Research on Prions in Yeast

Prions in yeast:  How do they work?  What can we learn from them?

Can this help us find prions in the genomes of other organisms?  Can they help us understand human disease

Prions are self-templating proteins, mostly amyloid in nature, that are infectious.  “Mad Cow Disease” derives from the Prion Protein, PrP.  It turns out there are a number of others that have been studied in the yeast, Saccharomyces cerevisiae.  Probably, there are lots of others yet to be identified in mammals and other organisms.  It may be a novel means of regulating gene function across all eukaryotes and even across all life.

I’ve worked to understand the amino acids that drive prion formation and propagation.  This information has led us to a better understanding of this process, but there is still a long way to go.

A paper I published in 2015 catalogs what weve learned recently about prion propagation:

MacLea, K.S., Paul, K.R., Ben-Musa, Z., Waechter, A., Shattuck, J.E., Gruca, M., and Ross, E.D.  Distinct amino acid compositional requirements for formation and maintenance of the [PSI+] prion in yeast.  Mol Cell Biol, 35(5):899-911. doi: 10.1128/MCB.01020-14, 2015.

Right now, we’re also using our results to study potential prions and amyloid proteins in humans and other organisms. We’ve made some surprising discoveries! I look forward to working with students on a piece of these projects as we go forward and try to understand prions better.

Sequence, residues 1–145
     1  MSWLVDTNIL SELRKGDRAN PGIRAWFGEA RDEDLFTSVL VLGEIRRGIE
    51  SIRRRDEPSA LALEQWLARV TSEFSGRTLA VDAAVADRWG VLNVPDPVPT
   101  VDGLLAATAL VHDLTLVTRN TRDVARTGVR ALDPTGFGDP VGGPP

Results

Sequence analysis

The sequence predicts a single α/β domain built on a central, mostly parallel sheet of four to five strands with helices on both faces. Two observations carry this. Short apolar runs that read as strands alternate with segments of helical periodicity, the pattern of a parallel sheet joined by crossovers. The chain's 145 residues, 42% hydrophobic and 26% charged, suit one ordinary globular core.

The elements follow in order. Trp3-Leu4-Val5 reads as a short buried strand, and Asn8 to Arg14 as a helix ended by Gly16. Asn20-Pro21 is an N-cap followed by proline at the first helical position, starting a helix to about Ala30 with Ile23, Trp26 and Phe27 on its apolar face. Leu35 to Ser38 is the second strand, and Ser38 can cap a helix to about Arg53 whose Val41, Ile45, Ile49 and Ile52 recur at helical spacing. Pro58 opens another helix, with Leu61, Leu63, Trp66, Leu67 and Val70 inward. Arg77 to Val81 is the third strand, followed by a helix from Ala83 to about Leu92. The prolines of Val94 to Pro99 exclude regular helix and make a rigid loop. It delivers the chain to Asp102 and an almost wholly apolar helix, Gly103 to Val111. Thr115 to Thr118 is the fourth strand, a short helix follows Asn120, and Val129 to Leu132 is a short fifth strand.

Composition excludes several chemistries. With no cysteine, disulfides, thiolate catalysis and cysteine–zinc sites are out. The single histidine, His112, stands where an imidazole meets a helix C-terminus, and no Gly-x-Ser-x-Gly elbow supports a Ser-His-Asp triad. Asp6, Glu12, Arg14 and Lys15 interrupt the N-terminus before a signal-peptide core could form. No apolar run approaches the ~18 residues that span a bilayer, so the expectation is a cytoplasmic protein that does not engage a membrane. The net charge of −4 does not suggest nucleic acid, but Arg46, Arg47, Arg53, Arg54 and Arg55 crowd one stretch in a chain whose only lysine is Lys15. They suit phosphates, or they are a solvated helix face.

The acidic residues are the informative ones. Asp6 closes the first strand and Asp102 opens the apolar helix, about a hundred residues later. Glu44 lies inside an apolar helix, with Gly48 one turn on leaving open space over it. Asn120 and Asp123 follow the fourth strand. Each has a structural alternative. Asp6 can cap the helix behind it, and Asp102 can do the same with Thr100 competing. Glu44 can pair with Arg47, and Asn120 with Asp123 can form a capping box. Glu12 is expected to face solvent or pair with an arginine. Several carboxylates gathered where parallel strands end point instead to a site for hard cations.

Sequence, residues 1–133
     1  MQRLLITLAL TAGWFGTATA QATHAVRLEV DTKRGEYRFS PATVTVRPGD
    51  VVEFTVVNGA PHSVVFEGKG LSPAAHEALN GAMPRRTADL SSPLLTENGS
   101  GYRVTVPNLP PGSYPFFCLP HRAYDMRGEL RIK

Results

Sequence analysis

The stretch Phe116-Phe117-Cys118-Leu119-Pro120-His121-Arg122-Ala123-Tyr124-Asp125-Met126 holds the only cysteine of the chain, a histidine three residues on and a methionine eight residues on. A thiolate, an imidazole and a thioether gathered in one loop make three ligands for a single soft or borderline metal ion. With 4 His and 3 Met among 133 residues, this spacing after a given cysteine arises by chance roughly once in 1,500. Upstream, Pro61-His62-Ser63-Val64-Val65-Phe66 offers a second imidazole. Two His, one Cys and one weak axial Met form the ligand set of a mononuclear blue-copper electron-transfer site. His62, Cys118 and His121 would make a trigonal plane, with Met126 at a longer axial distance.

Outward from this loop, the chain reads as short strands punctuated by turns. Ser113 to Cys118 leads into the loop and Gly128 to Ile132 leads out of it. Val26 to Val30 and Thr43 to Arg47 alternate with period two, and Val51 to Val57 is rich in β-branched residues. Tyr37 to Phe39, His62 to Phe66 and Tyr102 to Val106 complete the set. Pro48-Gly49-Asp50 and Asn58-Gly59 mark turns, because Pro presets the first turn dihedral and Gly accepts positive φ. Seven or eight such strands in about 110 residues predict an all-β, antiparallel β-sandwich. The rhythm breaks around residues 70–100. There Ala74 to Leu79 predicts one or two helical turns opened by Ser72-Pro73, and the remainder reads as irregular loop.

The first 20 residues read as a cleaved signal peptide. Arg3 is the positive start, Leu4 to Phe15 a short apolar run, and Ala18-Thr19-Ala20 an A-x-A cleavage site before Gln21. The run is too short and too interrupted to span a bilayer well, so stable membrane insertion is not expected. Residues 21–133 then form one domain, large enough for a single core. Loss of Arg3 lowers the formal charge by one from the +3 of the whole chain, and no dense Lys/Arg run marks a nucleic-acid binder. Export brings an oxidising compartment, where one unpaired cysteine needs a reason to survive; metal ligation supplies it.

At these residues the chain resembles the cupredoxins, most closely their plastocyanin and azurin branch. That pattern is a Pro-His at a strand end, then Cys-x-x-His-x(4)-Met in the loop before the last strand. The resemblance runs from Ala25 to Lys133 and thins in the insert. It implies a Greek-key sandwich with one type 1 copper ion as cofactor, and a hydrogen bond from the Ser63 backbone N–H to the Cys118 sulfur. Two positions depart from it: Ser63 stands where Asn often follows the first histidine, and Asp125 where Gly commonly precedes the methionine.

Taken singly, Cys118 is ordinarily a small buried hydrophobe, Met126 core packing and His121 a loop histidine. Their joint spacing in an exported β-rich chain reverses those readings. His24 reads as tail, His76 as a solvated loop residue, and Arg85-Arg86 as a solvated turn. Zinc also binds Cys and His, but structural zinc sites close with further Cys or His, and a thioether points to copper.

It also turns out that yeast are a great organism to use in biology classes--easy, cheap, and fast to grow, easy to genetically manipulate, and amenable to all sorts of experiments that even beginning undergraduates can handle.  And even better, these experiments can rapidly lead to posters, publications, and, most importantly, a better understanding of the natural world around us!

To read more about this field, see my article with Eric Ross about advances in identifying new prions:

MacLea, K.S. and Ross, E.D. Strategies for identifying new prions in yeast. Prion, 5(4):1-6, 2011.

Or read my recent Nature paper that demonstrates the utility of methods we’ve developed from yeast prions that are applicable to identifying disease-causing alleles in human diseases:

Kim, H.J., Kim, N., Wang, Y., Moore, J., Diaz, Z., Scarborough, E, Ugras, S., MacLea, K.S., et al.  Mutations in prion-like domains found in hnRNPA2B1 and hnRNPA1 cause multisystem proteinopathy.  Nature, doi:10.1038/nature11922, 495(7442):467-73, 2013.

© Kyle S. MacLea 2015